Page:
In a 1,000-user IP voice system, multiply 250 (for the number of concurrent conversations) by 88K bit/sec per station for an additional bandwidth requirement of 22M bit/sec on your LAN.

The situation is far more complicated on the WAN.

There’s no single rule of thumb for calculating bandwidth per call over a WAN because consumption varies by which voice coders (vocoder) and WAN protocols are used. Among low bit-rate vocoder options, G.729a is preferable. Repeated tests in our labs confirm this codec delivers the highest voice quality.

Voice Activity Detection (VAD) — also known as Silence Suppression — should be supported for each vocoders on the IP-PBX you select and, for purposes of calculating bandwidth, assume that it is enabled. With VoIP, speech and silence are packetized. To conserve bandwidth, VAD prevents “silence packets” from being transmitted. While the conventional rule of thumb is a 35% savings, our testing has seen bandwidth savings of 50% when VAD is used.

Assume the same 20-millisec packetization rate and, again, a 4-to-1 user-to-channel ratio.

For example, assume the use of frame relay as our WAN protocol, and G.729a vocoder. Plugging in the other variables outlined above, VoIP bandwidth over a frame link — with 35% bandwidth savings using VAD — rounds up to 18K bit/sec per VoIP conversation. So again, with 250 VoIP station users on the phone simultaneously as your worst case, assume you need an additional 4.5M bit/sec of bandwidth on your IP WAN.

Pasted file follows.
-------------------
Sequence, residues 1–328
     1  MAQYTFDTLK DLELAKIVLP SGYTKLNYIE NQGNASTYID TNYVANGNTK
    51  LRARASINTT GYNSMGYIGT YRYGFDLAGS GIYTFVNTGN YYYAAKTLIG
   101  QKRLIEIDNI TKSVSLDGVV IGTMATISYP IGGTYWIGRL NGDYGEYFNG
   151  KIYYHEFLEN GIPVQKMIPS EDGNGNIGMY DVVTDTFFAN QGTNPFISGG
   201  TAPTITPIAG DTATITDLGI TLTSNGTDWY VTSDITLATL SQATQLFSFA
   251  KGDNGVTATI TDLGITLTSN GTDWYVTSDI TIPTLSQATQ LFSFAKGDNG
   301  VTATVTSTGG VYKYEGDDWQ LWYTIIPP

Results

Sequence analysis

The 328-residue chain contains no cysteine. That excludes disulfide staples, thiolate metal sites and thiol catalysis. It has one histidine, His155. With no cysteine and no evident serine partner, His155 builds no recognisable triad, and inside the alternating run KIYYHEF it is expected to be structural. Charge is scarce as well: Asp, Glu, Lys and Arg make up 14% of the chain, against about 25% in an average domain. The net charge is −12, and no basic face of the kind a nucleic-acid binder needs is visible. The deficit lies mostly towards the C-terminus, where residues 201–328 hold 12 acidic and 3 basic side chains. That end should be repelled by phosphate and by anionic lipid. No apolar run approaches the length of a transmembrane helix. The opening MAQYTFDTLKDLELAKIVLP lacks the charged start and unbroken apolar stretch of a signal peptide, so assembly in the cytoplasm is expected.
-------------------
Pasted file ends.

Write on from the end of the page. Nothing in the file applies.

One more tip concerning WAN bandwidth is to find out if your router supports RTP header compression. The standard IP/User Datagram Protocol (UDP)/RTP header consumes 40 bytes in a packet. If supported by your router, enabling RTP header compression can reduce the header information to just 2 bytes, yielding an overall bandwidth reduction of up to 50%.

Once you determine how much VoIP data will likely be running across your network, you can focus on the network it will be touching to accommodate it.

VLANs and QoS: Gotta have it

A successful VoIP deployment requires VLAN and QoS capabilities at every point on the network, necessitating more intelligence in closet switches than ever before. In a best-practices scenario, all voice traffic should be isolated on a Layer 2 VLAN dedicated to voice and signaling traffic.